Now that I have a working knowledge of what Wyatt Earp claimed to have done in the Flood manuscript, we can start to see the progression of the myth-making process by comparing Wyatt’s claims in the Flood, and then comparing those claims to Burns and, finally, to Lake. Let’s start with a controversial episode: did Wyatt Earp stand off the Johnny Behind The Deuce mob single-handedly?

In the Flood manuscript, Wyatt claims that a telephone call to the office of the Toughnut Mine informing Tombstone that “Johnny Behind The Deuce had shot the mine engineer at Charleston, and the Earps were aiding his escape.” First of all, it is possible that the news reached Tombstone via a telephone since the mines had the latest technology and telephones connected from the mines to the Tombstone Stock Exchange, so that part, ahem, rings true. The second claim, that the Earps were aiding Mr. Deuce’s escape has some validity, since the miners from Charleston who were chasing the killer saw that “the gambling element” in Tombstone was aiding his getaway (supposedly, the acting lawmen, Virgil Earp and Johnny Behan, requested their help). This, of course, incensed the mob because they felt that justice would not be done and that the gamblers of Tombstone were protecting one of their own. A very logical conclusion on the part of the Charleston crowd who didn’t want Johnny Behind the Deuce to escape justice for a brutal killing.In the Flood version, earlier in the day, Virgil had taken Wyatt’s horse Dick Naylor out for a ride and happened upon the buckboard with Deuce in it fleeing the horde following them. Virgil Earp takes the prisoner up behind him and rides into Tombstone (Burns claims Deuce was rescued on Jack McCann’s filly Molly McCarthy)), Johnny blurts out he and the mining engineer were in a card game when the fight broke out. This is not true. Contemporary accounts note that the combatants were in a restaurant in Charleston and Schneider, the mining engineer, insulted Johnny (there is speculation that Deuce was behind a burglary at Schneider’s cabin). Burns gives the correct version. Better research? Was Wyatt’s memory faulty? Was that the scuttlebutt—the ill-fated card game—at the time and that’s the way Wyatt remembered it? Still, Burns version is correct and the Flood is wrong on this point.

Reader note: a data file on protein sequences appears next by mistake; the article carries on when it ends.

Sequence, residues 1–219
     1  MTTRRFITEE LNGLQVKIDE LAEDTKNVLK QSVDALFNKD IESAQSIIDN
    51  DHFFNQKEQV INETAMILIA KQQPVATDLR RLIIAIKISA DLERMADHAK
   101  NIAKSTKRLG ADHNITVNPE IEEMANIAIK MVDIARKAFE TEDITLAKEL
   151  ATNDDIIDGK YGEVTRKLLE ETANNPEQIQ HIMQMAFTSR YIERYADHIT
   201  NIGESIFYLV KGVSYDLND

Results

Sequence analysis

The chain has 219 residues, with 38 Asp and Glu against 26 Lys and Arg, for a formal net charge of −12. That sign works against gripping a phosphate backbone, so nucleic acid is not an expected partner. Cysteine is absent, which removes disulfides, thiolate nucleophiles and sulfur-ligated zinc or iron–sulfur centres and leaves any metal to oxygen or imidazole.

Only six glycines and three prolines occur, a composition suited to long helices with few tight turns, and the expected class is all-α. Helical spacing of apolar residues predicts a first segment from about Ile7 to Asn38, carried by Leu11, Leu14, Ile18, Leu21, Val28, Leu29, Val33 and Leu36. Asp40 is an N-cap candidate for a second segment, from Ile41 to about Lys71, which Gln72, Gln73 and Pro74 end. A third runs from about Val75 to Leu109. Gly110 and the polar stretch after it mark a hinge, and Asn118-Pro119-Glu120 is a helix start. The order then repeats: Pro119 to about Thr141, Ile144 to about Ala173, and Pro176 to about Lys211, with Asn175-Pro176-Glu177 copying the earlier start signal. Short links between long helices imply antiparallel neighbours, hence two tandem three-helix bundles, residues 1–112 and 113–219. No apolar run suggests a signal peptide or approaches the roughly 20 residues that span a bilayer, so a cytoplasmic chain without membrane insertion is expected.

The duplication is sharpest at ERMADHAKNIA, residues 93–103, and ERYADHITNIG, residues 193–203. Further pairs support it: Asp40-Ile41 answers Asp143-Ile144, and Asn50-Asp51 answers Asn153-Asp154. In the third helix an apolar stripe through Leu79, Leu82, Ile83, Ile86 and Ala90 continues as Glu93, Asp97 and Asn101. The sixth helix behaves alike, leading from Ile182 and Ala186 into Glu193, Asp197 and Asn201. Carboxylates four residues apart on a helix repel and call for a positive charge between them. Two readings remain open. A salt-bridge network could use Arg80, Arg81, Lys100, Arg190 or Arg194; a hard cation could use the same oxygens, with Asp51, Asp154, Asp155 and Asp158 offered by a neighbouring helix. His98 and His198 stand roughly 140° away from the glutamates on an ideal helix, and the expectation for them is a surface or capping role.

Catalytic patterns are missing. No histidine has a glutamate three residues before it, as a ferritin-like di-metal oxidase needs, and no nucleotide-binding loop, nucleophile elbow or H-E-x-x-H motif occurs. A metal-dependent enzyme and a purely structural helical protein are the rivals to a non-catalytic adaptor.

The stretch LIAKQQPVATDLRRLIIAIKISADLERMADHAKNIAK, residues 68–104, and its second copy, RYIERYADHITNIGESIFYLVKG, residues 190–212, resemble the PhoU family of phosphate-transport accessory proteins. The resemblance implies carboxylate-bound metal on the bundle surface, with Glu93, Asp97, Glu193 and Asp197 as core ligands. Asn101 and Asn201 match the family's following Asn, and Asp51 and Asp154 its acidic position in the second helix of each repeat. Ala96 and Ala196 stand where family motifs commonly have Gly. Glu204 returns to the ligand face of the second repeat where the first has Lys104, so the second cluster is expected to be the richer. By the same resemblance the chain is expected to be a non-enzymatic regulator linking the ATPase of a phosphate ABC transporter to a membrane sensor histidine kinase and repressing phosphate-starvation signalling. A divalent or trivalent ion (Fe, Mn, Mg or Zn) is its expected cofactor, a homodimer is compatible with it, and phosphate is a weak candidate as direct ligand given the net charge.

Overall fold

In the Flood version, as the mob approached, Wyatt “had planned it all as he heard the first warning rumble up the street, and he began to make his vision real. He sent his brothers Virgil, Morgan and James, and Charlie Smith over to the impromptu jail in charge of the prisoner, and a moment later after locking the door to the place, he followed them to make sure of the barricade.”

“And then he stepped into the street.” Wyatt claims there were 300 in the mob and they were coming at a run. He describes the scene of the mob armed “with picks and shovels were in their hands, and rifles and shotguns and long bars; implements that they had seized in hate, weapons that would kill and maim.” He compares the scene to the French Revolution (that’s probably Flood).

And then Wyatt is alone facing the mob and “The venom of reptiles, the malice and the envy of bitter men, the wild, delerious [sic] frenzy of fanatics, the will of hate and vengeance fixed itself in the faces, almost adamantine, of the standing horde.” Then:

“What do you want!” [Earp] demanded.

“We want Johnny!” some one shouted.